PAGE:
Glenn Beck and Keith Olbermann are worlds aparts. There is barely a Left at all anymore, and nothing that is comparable to the scope and ferocity of today's Right. 40 years ago Olbermann's views would have been considered moderate and Beck would have been laughed out of the political arena and sent back to the zanny morning radio schtick. Today, half of voting Republicans think Beck is a teacher and wise sage. Comparing today's right-wing with recent fascist regimes is much more plausible and supported than the "communist" and "socialist" chants of the Beck-heads.
It's no wonder that 40 years ago we had raising wages, one breadwinner, and shared prosperity. A period where Olbermann-esque moderation governed. A rising tide that lifted all boats. This new, hyper-commercialized, market-driven, greed-era we currently inhabit has resulted in exactly the opposite. Two workers can barely get by today, wages are stagnating, retirements are increasingly volatile, and people are having to choose between medical care and paying their rent.
The rich did not like seeing their social underlings driving cars, owning their homes, and living content lives. So they pushed through Buckley v Valeo (1976) and started buying elections and judges. Once they had their puppets in office, they started pushing through legislation and initiatives that would directly benefit them. Like tax cuts, deregulation, free airwaves, repealing Glass-Steagall, and on and on. All of this right under our noses, neatly packaged, and/or completely obfuscated by the media.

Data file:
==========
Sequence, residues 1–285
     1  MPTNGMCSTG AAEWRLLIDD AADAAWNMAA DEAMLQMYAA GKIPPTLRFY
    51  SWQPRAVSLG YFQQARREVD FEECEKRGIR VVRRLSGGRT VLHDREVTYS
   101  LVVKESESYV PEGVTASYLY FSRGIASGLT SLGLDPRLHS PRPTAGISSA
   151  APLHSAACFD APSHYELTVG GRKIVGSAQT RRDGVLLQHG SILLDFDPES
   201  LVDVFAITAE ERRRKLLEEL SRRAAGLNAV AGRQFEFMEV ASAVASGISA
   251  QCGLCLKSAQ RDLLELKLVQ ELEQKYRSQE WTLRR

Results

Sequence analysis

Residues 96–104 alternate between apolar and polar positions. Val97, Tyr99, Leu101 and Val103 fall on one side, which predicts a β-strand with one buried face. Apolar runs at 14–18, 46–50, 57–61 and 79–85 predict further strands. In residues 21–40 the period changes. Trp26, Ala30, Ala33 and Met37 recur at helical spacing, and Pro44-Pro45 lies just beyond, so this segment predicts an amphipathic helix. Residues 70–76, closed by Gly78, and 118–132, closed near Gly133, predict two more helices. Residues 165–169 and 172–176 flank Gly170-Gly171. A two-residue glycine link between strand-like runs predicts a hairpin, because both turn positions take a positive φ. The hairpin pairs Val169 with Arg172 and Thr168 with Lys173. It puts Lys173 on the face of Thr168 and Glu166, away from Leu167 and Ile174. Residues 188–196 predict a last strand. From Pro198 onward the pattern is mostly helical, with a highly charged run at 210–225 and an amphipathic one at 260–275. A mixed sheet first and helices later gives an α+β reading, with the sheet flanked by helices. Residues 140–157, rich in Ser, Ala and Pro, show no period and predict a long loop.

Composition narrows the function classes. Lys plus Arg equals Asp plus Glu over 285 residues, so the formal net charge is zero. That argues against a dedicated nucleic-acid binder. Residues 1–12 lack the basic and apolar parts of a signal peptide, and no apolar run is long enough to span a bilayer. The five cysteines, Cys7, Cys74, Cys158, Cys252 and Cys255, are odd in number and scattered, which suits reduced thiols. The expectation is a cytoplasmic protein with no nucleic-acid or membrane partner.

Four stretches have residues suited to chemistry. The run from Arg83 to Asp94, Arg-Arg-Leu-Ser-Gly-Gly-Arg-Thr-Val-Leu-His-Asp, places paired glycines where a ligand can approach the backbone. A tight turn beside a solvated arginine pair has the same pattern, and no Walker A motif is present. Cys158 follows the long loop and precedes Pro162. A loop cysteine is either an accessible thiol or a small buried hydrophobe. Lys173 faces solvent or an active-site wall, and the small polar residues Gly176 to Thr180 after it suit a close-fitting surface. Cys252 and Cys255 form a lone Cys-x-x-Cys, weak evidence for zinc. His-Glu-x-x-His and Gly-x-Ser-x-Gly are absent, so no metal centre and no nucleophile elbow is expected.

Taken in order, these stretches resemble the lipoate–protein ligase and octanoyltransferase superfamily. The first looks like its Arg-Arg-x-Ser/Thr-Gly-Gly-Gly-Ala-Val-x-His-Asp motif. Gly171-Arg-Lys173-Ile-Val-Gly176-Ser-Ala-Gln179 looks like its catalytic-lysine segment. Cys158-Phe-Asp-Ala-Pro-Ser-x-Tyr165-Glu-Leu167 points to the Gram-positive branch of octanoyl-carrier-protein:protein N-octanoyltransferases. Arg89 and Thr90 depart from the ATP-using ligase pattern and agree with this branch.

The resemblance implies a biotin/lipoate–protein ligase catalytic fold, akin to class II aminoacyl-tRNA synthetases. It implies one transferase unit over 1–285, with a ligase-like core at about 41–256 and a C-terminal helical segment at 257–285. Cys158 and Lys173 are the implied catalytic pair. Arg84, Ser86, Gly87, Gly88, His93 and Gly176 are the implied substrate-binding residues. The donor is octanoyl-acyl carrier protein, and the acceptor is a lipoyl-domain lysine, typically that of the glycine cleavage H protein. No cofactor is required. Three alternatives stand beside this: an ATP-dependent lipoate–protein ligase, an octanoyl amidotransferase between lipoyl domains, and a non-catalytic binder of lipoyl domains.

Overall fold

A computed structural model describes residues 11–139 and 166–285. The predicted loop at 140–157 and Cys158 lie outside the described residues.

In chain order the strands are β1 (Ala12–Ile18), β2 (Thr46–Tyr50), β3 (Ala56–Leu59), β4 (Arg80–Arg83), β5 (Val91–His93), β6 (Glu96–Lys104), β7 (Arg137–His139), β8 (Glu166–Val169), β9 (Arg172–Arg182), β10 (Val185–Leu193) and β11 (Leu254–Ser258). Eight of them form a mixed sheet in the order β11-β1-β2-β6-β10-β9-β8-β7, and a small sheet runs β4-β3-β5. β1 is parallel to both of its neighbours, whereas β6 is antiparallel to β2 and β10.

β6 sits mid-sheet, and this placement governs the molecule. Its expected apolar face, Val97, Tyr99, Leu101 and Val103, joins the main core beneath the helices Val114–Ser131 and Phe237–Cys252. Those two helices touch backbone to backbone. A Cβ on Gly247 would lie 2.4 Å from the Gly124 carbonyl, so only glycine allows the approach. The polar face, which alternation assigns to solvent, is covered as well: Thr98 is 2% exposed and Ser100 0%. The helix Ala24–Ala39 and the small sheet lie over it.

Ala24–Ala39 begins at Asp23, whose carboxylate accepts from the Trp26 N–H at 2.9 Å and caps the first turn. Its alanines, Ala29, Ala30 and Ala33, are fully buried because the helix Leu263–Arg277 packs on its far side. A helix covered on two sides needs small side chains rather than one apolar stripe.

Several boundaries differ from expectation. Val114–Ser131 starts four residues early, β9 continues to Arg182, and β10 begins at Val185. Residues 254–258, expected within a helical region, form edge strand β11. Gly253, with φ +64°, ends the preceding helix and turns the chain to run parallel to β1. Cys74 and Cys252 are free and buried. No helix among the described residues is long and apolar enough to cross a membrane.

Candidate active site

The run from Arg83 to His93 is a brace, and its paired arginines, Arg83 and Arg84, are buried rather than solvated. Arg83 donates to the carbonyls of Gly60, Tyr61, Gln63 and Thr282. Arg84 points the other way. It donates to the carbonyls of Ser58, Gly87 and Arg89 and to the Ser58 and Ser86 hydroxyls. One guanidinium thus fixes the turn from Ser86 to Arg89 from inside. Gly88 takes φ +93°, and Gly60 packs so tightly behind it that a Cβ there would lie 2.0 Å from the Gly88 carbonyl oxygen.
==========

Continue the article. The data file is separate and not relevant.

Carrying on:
Here we are decades into this failed social experiment. Voters just enthusiastically elected the standard-bearers of this perverted and discredited worldview, in large part thanks to the media and their so-very-terrible representation of reality. To keep doing the same thing, yet expecting different results is insanity. "Cut word lines - Cut music lines - Smash the control images - Smash the control machine - Burn the books - Kill the priests - Kill! Kill! Kill!"
Friday, November 12, 2010
Sunday, November 7, 2010
"Private employees have been required to take pay cuts, furlough days, cuts in their companies' contributions to retirement benefits and have made their sacrifices. They see no reason why public employees shouldn't feel some of the pain," the Journal editorializes.
To imply public workers have not made sacrifices, the Journal is either blind or knowingly delusional liars.
As Roger Bybee wrote (regarding Scott Walker, but which applies to the Journal and conservatives in general), they "would rather attack the benefits of government employees than argue that all working people deserve good benefits." Shouldn't we be trying to make labor conditions and quality of life better for workers? Or, should we all be minimum wage workers without health care nor any chance of ever retiring?
Is the Journal unaware of the 26 furlough days county workers were subjected to? A roughly 10 percent pay cut. Are they unaware of pay freezes, furlough days, and increased health care costs for public workers, in general? Teachers, fire fighters, police, and a whole host of public workers have been fired or laid off. No sacrifices? Claiming such is a complete distortion of the facts and terrible reporting on the part of the Journal.
Yet another example of the Journal's biased, uninformed, and disingenuous journalism.
For Further Reading:
How About Writing About The Good Things Public Workers Do
Local Governments Fire Teachers
Public Sector Job Losses Front And Center
State Budget Crisis Killing Economy
State, City Job Cuts Taint Recovery
The Struggle For A Workers Recovery
Walker Standing On The Necks Of County Workers
As Roger Bybee wrote, "[Scott] Walker would rather attack the benefits of government employees than argue that all working people deserve good benefits." Which is really the crux, the difference between the two parties. The majority of Democrats still want a high-road strategy enabling us to have a middle class. They support Social Security, Medicare, living wages, sick pay, unemployment insurance, health care, and a secure retirement. The Republicans want winners and losers. They want rich and poor. They want individualism. Screw your neighbor! Republicans prefer a sink-or-swim, you're-on-your-own society.